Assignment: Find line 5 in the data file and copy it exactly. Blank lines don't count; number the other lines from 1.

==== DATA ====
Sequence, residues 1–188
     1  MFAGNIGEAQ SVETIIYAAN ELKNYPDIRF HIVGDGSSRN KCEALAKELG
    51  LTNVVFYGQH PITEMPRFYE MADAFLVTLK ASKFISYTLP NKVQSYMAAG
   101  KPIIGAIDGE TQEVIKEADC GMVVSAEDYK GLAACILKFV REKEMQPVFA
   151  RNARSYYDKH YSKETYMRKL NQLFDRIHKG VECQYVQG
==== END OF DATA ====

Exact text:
   151  RNARSYYDKH YSKETYMRKL NQLFDRIHKG VECQYVQG